Russian Language Journal


technology, Russia, language, spelling, textbook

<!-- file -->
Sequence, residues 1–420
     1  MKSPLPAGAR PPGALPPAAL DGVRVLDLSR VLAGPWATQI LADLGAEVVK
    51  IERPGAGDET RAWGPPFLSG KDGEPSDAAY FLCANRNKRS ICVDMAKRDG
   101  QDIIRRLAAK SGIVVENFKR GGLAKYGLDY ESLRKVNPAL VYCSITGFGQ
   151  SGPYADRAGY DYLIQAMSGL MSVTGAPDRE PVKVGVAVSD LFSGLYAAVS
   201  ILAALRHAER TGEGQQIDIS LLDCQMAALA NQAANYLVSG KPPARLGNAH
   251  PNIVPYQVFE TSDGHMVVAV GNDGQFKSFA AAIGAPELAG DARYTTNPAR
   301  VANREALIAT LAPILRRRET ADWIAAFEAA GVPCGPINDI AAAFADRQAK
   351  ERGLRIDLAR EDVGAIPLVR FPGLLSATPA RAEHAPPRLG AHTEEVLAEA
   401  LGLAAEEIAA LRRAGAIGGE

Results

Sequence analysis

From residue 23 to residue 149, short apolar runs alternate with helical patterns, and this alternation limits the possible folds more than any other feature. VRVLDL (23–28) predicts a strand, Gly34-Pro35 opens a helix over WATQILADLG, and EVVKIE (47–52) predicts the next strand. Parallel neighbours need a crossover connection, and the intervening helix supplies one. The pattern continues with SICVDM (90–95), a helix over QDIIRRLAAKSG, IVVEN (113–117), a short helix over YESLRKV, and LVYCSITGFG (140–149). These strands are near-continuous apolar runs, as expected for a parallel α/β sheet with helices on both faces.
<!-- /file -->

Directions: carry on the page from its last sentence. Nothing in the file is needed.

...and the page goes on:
The worldwide proliferation of the Internet as a fundamentally new media technology has coincided with a radical social and linguistic liberalization in Russia. This junction changed drastically the interrelationship between the standard language and the non‐standard language varieties. A paradigmatic manifestation of the new Russian linguistic reality is the prevalent Internet trend of alternate spellings and non‐normative lexical use. The phenomenon is frequently referred to as an “Olbanian” language and associated with the counter‐culture of the so‐called “padonki.” Disregarding the fundamental principles of Russian orthography, spelling, and even morphology, the padonki have created an idiom that seemingly allows complete freedom of writing. The practice has been even elevated to the status of an art form dubbed “ORFO‐art,” cf. Shapovalova 2008. Moreover, the recent publication (Sokolovskij 2008) of what the author and master‐mind of the movement Dmitrii Sokolovskii labels “a padonkiʹs bible or textbook of Albanian language” marks the official sanctioning, so to speak, of this new language variety.